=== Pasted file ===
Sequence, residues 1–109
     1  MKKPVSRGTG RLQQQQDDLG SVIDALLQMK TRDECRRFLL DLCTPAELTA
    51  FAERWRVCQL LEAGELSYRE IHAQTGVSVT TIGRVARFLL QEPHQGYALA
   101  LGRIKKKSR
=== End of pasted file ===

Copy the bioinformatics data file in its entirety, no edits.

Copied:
Sequence, residues 1–109
     1  MKKPVSRGTG RLQQQQDDLG SVIDALLQMK TRDECRRFLL DLCTPAELTA
    51  FAERWRVCQL LEAGELSYRE IHAQTGVSVT TIGRVARFLL QEPHQGYALA
   101  LGRIKKKSR